It is undeniable that Thatcher’s governments privatised many industries, broke the power of trade unions and reduced direct taxation amongst numerous changes. Yet Dillow points out that in reality Thatcher cut overall spending once, and only froze it once. So the aim to reduce the size of the state wasn’t fulfilled (instead what happened was changes in the role of the state).

So we have to bear this in mind when it comes to the proposed cuts of the leberal dimocrat /conservative administration. An actual cut rather than a change in types of spending is a massively major change in the way the UK is run. So why is it not being opposed by conservatives?

After all, the UK has been a mixed economy, with state provision of healthcare, education, social services, welfare provision etc for over 60 years. Indeed for the vast majority of British born people, the NHS really is a national icon, with us having never lived without it. Indeed any remotely successful state worth living in is a mixed economy with the principle that the state provides healthcare, education and welfare services. The other political models are either absolute totalitarian regimes where the state is all powerful or collapsed states like Somalia. In other words libertarians and ultra ‘free market’ conservatives have no actually existing model to use that is remotely desirable. Which is probably why many are reduced to arguing about different service delivery methods based upon market simulations (eg: voucher schemes for education funding – Even then the number of places using pure vouchers is measurable on one hand).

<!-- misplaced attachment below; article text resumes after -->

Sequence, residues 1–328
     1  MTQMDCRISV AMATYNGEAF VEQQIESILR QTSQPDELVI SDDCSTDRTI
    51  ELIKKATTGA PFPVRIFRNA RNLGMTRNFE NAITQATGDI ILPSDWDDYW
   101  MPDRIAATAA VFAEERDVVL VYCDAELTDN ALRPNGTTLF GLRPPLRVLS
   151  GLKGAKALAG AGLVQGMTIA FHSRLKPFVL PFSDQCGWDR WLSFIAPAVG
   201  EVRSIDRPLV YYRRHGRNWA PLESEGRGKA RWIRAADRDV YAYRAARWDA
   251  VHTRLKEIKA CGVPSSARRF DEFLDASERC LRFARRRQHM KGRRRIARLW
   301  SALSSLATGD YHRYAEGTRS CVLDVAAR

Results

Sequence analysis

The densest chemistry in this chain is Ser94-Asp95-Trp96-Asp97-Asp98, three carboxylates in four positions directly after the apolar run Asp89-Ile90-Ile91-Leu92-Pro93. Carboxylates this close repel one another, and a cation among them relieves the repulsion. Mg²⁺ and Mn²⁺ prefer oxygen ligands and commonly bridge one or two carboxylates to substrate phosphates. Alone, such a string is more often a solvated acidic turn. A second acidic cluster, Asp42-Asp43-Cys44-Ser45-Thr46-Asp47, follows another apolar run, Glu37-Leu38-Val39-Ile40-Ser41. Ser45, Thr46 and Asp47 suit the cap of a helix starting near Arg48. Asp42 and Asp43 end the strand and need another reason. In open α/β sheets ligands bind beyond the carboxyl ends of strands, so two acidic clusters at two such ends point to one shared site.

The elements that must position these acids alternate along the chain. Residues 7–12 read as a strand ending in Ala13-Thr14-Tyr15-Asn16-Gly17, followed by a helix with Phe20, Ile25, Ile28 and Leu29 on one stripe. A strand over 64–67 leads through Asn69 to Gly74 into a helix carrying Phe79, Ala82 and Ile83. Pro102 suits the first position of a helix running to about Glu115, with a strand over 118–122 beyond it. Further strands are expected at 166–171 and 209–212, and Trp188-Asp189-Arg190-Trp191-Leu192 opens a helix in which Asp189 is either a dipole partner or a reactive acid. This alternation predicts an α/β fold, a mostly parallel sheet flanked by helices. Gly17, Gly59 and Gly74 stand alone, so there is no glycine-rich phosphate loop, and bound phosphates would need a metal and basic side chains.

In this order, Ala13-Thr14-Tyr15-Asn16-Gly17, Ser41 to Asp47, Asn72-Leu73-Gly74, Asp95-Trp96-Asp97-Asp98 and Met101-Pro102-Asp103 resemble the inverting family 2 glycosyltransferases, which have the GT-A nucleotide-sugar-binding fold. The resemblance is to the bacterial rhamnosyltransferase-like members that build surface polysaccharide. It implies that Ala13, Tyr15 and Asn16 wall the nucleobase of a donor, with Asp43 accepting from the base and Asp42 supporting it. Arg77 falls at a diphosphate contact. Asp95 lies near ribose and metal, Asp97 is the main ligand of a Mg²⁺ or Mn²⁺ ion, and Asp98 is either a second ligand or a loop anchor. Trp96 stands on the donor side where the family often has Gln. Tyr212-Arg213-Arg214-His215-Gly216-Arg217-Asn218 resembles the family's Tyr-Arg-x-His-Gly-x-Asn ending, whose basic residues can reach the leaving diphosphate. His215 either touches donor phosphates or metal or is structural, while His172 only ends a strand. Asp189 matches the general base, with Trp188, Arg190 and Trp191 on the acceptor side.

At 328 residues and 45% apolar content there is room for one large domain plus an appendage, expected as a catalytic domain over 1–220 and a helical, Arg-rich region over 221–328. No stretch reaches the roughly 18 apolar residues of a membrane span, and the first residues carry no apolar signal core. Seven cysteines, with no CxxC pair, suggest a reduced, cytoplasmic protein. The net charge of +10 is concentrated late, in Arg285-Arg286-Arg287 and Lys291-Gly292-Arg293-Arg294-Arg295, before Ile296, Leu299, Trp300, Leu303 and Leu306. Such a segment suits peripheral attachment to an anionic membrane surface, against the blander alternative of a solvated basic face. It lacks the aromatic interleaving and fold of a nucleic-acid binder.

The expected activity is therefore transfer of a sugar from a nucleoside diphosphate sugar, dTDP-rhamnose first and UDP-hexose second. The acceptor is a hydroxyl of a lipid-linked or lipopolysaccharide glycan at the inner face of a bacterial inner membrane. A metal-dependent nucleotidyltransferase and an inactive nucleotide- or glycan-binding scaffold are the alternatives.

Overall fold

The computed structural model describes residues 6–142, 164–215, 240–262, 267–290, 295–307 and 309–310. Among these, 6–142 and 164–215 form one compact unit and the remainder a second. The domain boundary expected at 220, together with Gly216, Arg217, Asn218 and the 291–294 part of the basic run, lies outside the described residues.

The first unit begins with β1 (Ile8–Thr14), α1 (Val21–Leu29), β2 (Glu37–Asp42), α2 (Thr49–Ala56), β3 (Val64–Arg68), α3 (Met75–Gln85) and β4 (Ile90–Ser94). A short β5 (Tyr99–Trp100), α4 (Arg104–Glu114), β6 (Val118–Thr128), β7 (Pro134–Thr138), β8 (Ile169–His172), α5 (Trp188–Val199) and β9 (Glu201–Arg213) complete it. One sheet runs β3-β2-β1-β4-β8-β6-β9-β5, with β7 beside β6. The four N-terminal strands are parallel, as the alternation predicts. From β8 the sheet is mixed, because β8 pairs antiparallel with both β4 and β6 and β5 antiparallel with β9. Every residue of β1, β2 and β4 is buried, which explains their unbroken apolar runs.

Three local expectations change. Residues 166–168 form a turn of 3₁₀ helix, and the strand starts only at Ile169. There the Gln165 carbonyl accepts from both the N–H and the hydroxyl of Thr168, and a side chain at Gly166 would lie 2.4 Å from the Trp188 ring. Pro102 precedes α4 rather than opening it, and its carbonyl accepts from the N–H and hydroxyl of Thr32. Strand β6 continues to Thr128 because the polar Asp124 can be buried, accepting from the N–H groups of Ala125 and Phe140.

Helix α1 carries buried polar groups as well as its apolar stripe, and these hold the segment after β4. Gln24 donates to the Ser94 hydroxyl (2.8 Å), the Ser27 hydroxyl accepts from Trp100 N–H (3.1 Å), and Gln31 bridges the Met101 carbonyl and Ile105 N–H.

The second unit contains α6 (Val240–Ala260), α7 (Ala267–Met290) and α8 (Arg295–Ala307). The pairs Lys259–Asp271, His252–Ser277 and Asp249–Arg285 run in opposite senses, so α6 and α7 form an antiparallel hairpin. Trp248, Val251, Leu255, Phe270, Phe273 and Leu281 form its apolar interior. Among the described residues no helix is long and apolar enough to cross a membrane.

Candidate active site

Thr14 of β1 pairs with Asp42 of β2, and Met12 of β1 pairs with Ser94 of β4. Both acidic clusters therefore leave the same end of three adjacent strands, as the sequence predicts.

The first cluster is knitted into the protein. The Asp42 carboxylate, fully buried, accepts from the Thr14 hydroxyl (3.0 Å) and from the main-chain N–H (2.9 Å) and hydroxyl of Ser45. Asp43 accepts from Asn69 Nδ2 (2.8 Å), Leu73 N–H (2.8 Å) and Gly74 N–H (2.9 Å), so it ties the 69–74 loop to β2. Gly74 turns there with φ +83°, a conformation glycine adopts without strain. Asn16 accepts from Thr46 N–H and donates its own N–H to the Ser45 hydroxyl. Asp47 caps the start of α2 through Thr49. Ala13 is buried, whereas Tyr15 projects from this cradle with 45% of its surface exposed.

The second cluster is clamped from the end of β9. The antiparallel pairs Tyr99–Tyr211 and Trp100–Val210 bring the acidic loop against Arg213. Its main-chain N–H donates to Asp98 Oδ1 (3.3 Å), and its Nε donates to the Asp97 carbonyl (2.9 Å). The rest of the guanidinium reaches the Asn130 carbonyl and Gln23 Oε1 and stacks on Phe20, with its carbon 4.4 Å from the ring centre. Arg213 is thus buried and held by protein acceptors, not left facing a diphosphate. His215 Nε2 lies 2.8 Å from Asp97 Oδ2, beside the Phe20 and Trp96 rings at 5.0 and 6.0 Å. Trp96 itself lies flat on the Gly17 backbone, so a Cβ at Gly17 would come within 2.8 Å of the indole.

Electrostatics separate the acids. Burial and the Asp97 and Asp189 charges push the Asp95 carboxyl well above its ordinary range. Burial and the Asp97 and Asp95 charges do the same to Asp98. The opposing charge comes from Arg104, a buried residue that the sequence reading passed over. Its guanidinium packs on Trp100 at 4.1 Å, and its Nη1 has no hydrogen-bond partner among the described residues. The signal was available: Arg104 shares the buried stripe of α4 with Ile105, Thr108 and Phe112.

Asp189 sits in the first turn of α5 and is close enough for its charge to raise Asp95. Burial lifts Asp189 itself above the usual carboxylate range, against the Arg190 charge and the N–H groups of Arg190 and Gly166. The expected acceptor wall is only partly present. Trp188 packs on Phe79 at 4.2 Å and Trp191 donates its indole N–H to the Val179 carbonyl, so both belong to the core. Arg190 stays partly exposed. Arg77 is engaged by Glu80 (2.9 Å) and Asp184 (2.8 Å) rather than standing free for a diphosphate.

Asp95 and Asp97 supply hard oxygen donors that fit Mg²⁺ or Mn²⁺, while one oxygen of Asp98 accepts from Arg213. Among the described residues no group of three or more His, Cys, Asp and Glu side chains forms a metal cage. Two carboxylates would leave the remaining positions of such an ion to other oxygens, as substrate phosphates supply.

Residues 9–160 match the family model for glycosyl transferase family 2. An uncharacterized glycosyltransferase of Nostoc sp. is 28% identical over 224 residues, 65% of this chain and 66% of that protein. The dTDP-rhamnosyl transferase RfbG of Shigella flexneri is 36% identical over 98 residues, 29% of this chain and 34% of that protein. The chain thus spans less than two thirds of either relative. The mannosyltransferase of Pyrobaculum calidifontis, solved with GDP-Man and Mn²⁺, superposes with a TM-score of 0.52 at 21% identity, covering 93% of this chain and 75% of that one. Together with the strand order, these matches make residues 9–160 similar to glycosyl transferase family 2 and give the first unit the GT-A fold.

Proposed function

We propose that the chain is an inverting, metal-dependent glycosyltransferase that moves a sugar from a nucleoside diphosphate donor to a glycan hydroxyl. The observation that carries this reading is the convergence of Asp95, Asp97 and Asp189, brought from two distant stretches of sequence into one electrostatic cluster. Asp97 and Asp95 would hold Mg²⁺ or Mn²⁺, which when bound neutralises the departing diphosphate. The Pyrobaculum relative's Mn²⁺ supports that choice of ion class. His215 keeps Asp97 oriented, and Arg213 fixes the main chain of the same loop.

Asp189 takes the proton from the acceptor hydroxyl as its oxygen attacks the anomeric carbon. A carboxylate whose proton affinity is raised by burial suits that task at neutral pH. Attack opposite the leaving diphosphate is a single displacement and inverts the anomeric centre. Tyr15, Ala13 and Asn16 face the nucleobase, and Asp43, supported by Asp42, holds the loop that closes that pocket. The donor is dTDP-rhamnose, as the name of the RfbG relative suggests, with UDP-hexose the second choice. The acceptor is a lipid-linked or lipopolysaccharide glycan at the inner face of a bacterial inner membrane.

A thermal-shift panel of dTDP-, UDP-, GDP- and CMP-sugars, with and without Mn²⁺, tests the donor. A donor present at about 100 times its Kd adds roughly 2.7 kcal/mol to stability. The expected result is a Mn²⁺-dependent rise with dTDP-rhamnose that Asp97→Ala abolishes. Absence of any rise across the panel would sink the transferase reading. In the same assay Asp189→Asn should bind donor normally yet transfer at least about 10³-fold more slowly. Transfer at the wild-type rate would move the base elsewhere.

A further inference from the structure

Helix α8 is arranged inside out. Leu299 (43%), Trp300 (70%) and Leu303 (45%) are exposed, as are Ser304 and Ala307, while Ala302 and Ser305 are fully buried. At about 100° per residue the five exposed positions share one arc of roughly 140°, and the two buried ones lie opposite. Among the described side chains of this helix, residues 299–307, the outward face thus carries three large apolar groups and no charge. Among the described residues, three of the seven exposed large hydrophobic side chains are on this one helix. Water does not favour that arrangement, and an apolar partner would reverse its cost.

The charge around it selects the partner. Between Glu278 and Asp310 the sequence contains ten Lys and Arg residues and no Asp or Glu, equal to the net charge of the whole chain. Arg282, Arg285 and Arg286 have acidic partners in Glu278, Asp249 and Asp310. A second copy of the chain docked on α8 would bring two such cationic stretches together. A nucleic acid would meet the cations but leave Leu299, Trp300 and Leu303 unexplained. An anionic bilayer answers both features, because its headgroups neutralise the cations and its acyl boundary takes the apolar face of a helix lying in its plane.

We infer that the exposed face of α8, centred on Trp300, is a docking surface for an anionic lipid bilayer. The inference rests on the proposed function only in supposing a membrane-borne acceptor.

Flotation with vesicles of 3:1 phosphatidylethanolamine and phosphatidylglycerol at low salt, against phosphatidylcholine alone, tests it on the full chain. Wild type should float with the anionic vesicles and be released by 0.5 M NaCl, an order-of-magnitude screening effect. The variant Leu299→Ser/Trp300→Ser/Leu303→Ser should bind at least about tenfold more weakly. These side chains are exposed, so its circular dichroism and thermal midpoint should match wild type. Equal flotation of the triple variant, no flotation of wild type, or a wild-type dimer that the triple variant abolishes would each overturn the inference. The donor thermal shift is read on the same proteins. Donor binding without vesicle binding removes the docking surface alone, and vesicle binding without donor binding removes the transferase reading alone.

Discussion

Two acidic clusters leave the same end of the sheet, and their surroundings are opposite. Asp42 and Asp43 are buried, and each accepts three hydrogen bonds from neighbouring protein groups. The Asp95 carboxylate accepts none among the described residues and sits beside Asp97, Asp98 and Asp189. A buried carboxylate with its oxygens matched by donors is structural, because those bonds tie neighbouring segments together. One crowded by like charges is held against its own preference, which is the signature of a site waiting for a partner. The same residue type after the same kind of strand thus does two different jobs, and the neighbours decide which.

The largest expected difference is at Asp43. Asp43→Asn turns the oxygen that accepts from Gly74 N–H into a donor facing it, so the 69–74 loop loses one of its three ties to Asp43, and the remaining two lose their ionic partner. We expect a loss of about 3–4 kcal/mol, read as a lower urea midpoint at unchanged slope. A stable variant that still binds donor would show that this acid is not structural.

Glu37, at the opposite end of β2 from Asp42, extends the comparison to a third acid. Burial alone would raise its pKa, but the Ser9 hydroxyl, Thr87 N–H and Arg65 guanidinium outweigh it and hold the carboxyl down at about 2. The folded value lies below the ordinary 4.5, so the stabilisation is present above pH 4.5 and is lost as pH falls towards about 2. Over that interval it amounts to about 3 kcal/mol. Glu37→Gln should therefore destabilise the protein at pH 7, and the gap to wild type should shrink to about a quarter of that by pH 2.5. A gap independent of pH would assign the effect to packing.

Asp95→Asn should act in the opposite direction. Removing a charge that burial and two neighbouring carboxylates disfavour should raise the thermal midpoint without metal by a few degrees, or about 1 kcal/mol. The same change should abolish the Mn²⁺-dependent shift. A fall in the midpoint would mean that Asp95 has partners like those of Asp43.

This leaves us with the somewhat uncomfortable conclusion that the real inheritors of the conservative tradition are the democratic (as opposed to revolutionary) left, and in particular the centre-left parties of Europe who have always pursued more pragmatic and practical programmes aiming to build on what has already been achieved.

Contrast this with the rhetoric of the coalition government, who are using the alleged budget crisis to propose massive cuts and changes in the role of the state. Nor are they averse to proposing authoritarian measures to achieve this. In fact if the leadership was named Davidov Cameronsin and Nick Il Clegg (sorry for the poor imagination) and the country based in Eastern Europe or Asia we would regard the extent to which it proposed to change things as a revolutionary programme. And actual conservatives would oppose such changes, and warn that the vision should be treated with the utmost scepticism.

So with what is being proposed, it is now time to create left wing conservatism and defend the traditions of the mixed economy, and the principles of welfare, public service, and progressive taxation.

Advertisements


No Responses Yet to “Left Wing Conservatism”

  1. Leave a Comment

Leave a Reply

Fill in your details below or click an icon to log in:

WordPress.com Logo

You are commenting using your WordPress.com account. Log Out / Change )

Twitter picture

You are commenting using your Twitter account. Log Out / Change )

Facebook photo

You are commenting using your Facebook account. Log Out / Change )

Google+ photo

You are commenting using your Google+ account. Log Out / Change )

Connecting to %s


%d bloggers like this: